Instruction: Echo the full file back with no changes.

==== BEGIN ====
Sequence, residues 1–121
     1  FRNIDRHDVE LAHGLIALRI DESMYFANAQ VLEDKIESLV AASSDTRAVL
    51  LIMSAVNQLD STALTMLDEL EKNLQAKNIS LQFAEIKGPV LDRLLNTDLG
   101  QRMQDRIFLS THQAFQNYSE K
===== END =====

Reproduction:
Sequence, residues 1–121
     1  FRNIDRHDVE LAHGLIALRI DESMYFANAQ VLEDKIESLV AASSDTRAVL
    51  LIMSAVNQLD STALTMLDEL EKNLQAKNIS LQFAEIKGPV LDRLLNTDLG
   101  QRMQDRIFLS THQAFQNYSE K